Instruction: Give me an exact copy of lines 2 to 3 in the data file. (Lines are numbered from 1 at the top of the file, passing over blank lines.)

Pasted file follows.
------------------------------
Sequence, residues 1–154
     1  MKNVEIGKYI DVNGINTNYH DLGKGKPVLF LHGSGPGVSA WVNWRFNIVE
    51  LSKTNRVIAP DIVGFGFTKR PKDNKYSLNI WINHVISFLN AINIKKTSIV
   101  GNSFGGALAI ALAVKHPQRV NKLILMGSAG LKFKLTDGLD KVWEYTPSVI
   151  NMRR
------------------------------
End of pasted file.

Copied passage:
     1  MKNVEIGKYI DVNGINTNYH DLGKGKPVLF LHGSGPGVSA WVNWRFNIVE
    51  LSKTNRVIAP DIVGFGFTKR PKDNKYSLNI WINHVISFLN AINIKKTSIV